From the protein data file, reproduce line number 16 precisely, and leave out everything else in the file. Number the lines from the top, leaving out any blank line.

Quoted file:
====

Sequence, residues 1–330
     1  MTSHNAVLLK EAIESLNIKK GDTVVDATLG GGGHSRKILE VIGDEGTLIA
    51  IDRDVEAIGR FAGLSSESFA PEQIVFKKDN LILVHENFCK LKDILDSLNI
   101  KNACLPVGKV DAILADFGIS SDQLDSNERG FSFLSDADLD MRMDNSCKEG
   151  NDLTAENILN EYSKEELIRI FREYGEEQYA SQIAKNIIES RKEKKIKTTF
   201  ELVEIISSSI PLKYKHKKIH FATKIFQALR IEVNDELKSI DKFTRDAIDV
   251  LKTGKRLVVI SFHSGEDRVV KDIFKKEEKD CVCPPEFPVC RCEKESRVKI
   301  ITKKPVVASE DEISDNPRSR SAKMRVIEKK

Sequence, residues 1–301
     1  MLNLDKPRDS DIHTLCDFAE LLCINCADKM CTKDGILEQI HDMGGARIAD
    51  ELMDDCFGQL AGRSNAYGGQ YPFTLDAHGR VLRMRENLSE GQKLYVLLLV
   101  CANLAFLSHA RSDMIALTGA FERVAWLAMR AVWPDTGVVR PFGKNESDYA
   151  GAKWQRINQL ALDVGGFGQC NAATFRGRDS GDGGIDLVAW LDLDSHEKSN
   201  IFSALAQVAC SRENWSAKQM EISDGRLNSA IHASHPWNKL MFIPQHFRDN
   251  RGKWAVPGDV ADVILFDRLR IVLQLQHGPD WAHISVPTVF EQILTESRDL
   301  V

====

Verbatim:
   301  V